I. Architecture and Power

Architecture is a physical manifestation of the power relationships in our world. It reveals the political, economic, and cultural priorities of those who have the privilege to build. But whether we acknowledge it or not, architects have power, too.

When we design for a more beautiful world, we embrace the power bestowed upon us, and fulfill our fiduciary responsibility to serve and protect the public good.

What is the alternative? Done irresponsibly, architecture is a weapon. It can disrupt public assets, threaten environmental security, displace culture, and reinforce entrenched social injustice and economic inequality.

We must ask ourselves: How can we use architecture as a tool for healing? Whatever we design, at whatever scale, we must seek opportunities to restructure the relationships of power inherent in all architecture.

II. A Call to Action

Our practice has been labeled “a social architecture firm.” We are unsettled by this label because it suggests the possibility that architecture can exist outside a social and political context—that architecture either has an autonomous form or a social purpose. This is a false dichotomy. Autonomous form is impossible. All architecture is social. The question is how we design processes to foster beauty, to reinforce the social fabric, and to improve lives in the communities we all serve.

We are optimistic. Today we see that architects are deepening their investigations into the social and political implications of their buildings. Designers are not only acknowledging their power but finding ways to share it with the communities they serve.

And so, form does not follow function. Nor does it follow purpose. Form is purpose.

For too long, architects have felt disempowered by systems seemingly beyond their control. But when we hold ourselves to the highest standards in our fiduciary responsibility to the public good, we not only empower architects, we empower public decision making.

We call this “The New Empowerment.”

We recommend five principles to enact it.

III. The Five Principles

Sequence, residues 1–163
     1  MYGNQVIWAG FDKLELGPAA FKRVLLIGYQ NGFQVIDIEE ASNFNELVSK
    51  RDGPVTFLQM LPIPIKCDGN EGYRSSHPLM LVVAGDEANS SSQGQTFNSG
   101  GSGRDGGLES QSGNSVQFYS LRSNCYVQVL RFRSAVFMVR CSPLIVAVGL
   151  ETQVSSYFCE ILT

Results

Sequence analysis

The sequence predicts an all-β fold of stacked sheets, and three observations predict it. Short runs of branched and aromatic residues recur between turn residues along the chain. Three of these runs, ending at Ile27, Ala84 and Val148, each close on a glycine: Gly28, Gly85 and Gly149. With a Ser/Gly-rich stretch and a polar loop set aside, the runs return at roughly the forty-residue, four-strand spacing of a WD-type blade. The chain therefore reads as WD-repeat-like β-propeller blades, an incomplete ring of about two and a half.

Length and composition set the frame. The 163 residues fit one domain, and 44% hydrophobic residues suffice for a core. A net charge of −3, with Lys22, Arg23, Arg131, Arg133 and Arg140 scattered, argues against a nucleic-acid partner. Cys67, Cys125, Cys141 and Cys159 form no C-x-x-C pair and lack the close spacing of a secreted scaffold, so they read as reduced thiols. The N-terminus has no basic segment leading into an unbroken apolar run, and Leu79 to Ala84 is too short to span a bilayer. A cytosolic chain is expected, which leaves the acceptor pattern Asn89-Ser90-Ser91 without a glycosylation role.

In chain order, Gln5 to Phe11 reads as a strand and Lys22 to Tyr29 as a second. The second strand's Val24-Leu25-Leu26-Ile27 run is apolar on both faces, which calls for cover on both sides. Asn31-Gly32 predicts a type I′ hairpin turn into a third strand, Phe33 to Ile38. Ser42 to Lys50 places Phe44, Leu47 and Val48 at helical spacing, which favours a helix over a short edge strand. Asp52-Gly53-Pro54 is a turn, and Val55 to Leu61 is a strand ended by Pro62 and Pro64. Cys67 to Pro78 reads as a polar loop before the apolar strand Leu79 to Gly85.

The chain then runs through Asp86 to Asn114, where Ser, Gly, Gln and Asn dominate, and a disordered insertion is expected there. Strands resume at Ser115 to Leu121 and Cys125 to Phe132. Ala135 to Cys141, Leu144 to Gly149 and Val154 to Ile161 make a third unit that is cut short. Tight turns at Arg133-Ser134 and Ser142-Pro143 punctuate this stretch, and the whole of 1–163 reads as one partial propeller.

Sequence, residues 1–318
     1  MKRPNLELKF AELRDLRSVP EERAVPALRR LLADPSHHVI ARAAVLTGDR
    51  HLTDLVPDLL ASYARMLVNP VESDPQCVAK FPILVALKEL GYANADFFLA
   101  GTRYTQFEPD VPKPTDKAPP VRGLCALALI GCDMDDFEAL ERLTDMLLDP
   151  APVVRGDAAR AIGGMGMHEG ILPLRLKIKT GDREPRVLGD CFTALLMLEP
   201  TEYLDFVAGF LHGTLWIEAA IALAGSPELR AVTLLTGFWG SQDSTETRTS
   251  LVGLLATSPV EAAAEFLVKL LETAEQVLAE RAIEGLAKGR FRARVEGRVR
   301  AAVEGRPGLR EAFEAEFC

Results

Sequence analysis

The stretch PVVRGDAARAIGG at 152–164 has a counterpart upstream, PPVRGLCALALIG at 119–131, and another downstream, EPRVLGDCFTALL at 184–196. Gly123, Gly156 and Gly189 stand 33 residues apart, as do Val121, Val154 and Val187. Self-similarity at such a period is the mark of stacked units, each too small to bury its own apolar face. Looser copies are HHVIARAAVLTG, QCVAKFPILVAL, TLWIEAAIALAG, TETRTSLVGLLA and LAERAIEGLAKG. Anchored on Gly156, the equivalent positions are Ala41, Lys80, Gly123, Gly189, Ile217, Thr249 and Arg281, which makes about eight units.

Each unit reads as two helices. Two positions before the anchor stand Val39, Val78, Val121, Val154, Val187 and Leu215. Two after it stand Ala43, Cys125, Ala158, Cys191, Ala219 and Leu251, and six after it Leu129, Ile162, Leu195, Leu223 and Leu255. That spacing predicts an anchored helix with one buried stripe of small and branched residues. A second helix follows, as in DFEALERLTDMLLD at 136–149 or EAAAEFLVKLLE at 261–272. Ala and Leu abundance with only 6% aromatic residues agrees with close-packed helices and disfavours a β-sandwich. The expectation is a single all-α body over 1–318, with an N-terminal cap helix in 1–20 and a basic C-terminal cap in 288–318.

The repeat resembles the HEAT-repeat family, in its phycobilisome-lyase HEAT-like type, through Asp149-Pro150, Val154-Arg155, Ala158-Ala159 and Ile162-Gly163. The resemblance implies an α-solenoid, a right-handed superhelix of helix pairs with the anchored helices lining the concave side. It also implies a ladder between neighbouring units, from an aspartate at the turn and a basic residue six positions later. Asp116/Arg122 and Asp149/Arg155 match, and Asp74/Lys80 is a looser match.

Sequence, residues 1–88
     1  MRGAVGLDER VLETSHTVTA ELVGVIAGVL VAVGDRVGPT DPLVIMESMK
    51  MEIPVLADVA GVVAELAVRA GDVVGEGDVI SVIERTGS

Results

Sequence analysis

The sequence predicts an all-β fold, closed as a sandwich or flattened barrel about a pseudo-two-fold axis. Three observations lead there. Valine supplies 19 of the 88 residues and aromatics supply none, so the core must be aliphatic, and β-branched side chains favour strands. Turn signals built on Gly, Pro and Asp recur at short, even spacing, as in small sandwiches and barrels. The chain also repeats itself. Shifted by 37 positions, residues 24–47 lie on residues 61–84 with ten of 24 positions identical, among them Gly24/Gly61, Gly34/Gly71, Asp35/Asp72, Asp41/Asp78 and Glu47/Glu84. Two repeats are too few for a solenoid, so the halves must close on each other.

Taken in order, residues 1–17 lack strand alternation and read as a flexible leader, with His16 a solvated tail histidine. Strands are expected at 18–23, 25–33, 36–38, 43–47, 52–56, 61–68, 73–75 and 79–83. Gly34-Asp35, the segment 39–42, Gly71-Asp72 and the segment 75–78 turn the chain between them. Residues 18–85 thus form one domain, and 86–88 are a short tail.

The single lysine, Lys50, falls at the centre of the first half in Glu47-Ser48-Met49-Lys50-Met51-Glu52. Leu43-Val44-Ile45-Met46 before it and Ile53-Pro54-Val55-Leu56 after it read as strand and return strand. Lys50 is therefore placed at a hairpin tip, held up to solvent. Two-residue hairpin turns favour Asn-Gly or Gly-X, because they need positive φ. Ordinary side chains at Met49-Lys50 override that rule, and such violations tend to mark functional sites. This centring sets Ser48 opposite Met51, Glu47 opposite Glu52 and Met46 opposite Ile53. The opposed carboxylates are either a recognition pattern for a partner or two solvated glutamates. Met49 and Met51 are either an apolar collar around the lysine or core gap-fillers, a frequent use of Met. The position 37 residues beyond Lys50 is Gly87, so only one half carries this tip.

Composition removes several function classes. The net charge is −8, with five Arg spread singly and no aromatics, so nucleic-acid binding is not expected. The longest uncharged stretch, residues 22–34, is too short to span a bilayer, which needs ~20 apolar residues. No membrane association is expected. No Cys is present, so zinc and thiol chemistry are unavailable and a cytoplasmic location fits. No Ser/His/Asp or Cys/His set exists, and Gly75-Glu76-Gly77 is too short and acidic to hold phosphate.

Find the mission.
Each architectural project must achieve a simple, legible, and transmissible idea. We call this “The Mission,” and all architecture has one. The Mission must speak to greater societal goals outside the building and seek to affect systemic change to society at large.

A building influences systemic change by affecting policy, changing individual behavior for the better, and continually improving its own typological category.

Immerse in context.
The history of design offers myriad excuses for why context-driven research does not happen. But we know the risks when it does not—if we do not ask the right questions or build consensus, we may fail the very people we seek to serve.

Deep contextual work is usually impossibly time-consuming and prohibitively expensive. It can also be uncomfortable. Implementing such immersive methods can be a mindset problem, but surely it is a structural problem of schedule and cost, too. New practice models are needed to enable the complete architectural process. And public awareness must be expanded. The public must learn to expect more from architecture.

Search for proof.
We all know that spaces shape behavior. Ask a prisoner or a nurse whether a building affects their daily life, and you’ll quickly see that the question should not be if, but in what way and by how much. And yet, definitive proof of the impact of architectural choices is difficult to measure. That does not mean we should not seek to
do so.

Buildings are living systems. They are too complex to be explained by isolated variables and definitive causal relationships. Instead we should evaluate architecture systematically and over time. In this way, the search for evidence becomes the product itself.
Invest upstream.
All architects give away services. But for whose benefit and at what cost? Uncompensated, speculative work devalues architectural labor and forces us to trade in quickly produced renderings that rarely reflect reality on the ground or the needs of the community. Such practices threaten our ability to fully enact our responsibility to the public’s interest.

Instead, we have to become partners early in the process. We can do this by investing in the organizations and leaders we want to support and by sharing our services to accelerate the realization of their ambitions. This helps determine when a project is ready to be realized, and to unlock the capital necessary to build it.

Justice is beauty.
It is not only that all people deserve a beautiful environment, or that a building that is functional can also be beautiful, but that a building must be beautiful for it to be fully functional. All of us have a fundamental right to a built world that is beautiful, and one that improves our quality of life. The question is how far we architects will go to fight for it.

Alan Ricks and Michael Murphy (right) of MASS Design Group in the firm's Boston office.
Iwan Baan Alan Ricks and Michael Murphy (right) of MASS Design Group in the firm's Boston office.